Related: R.I.P. Tom Sherak
I went out to see Tom Sherak yesterday to say goodbye. As I headed out on the 101 Freeway to see him, every memory I had of him came rushing back. I first met Tom more than 20 years ago, and it wasn’t under the best of circumstances. It was 1992, and I was a reporter at The Hollywood Reporter covering film. It was the year of the Los Angeles riots, which had been sparked by the acquittals of four police officers who’d beaten Rodney King mercilessly. Fox had a movie coming out called Unlawful Entry, and there was scene of a white cop beating a black man, and I found out about it. I was writing up the story, when my editor, Alex Ben Block, came out of his office. Tom had called Alex and asked him not to run the story. It was news, so we printed it. Tom called me afterward and said: “I will never forget what you did. I asked for a favor, and you guys said no.” If there’s one thing everyone knew about Tom Sherak, it’s that he would forgive, but he would never forget — and he had a very long memory.
After that, I was a non-entity to Tom. Of course, we would bump into each other, and he would flash me that closed-mouth smile. Anyone who ever got on his wrong side knows that smile.
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It didn’t matter that we had so many mutual friends, including the late marketing guru Geoff Ammer and my dear friend Karen Sortito, both of whom have passed. With Tom, if you were out, you were out. But over time, the animosity slowly wore off as we found that we thought highly about the same people and had much in common. He was working tirelessly to raise money for multiple sclerosis after his daughter was afflicted with the disease, and he found out that I was raising money for muscular dystrophy, also because of a family member. And, of course, the paths of our lives just kept crossing over and over and over again. I never lost hope that one day he would come around, because I knew that he was a good man with a good heart. Everyone knew that. He was a mench.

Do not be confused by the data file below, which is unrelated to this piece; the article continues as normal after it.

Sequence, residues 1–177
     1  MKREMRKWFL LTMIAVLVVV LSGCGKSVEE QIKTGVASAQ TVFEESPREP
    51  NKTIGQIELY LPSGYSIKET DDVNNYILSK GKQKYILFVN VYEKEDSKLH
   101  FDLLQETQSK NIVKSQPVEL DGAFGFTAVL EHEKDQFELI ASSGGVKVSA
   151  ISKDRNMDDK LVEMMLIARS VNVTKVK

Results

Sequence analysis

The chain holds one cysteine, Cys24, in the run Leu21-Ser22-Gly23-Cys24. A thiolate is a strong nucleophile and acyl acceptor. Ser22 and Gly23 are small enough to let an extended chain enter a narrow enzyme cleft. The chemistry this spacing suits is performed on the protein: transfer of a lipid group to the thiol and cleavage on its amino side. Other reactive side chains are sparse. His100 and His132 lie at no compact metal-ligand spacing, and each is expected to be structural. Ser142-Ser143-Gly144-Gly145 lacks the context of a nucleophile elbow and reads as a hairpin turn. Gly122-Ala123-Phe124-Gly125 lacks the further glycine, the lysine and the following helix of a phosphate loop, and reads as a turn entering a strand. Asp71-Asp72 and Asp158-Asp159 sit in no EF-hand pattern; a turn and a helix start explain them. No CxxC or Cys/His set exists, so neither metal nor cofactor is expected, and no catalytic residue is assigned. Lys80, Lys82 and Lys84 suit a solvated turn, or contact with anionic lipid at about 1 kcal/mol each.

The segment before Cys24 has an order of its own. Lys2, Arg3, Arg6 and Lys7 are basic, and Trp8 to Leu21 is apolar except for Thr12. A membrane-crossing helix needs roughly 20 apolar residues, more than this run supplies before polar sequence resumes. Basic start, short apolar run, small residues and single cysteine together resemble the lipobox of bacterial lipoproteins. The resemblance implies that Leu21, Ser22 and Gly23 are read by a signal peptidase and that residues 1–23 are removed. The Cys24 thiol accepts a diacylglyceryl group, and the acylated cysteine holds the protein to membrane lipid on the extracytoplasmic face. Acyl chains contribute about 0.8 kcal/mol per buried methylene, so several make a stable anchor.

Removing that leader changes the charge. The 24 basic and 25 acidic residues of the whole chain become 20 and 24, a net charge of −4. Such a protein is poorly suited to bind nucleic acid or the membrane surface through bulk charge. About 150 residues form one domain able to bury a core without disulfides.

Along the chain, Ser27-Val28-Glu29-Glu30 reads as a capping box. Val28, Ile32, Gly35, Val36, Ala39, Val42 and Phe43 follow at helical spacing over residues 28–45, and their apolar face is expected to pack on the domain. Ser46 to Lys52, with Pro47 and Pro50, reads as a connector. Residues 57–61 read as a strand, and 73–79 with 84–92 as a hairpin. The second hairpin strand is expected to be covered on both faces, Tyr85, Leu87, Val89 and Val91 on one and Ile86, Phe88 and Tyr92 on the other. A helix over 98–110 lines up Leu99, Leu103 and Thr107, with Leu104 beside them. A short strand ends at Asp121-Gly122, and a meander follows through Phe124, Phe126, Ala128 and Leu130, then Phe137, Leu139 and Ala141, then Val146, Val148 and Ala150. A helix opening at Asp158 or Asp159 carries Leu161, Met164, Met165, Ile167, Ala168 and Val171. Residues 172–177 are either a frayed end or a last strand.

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Years later, when he was at Revolution Studios, he and other executives had a meeting with me and my editors from the Los Angeles Times. He and I looked at each other across the table, and that uneasiness was replaced by quiet understanding. We both let others lead the conversation. He asked a few very smart questions, and I kept my mouth shut as an editor responded with some very lame answers. Tom and I exchanged knowing glances. We were on the same page. There was a shorthand between us, one that many people experience in their own lives, among those who know and those who don’t. Afterward, he pulled me aside and we spoke privately. He gave me some words of wisdom, almost like those a father would give a daughter, with which I agreed wholeheartedly, and then I left.
Within days of that meeting, my path would, very unfortunately, change forever when my life was threatened and my phones wiretapped, in what came to be known as the Anthony Pellicano case. When word spread of the wiretaps, my sources began drying up. No one wanted to talk to me on the phone anymore for fear that their conversations would be compromised. Sadly, that included Tom.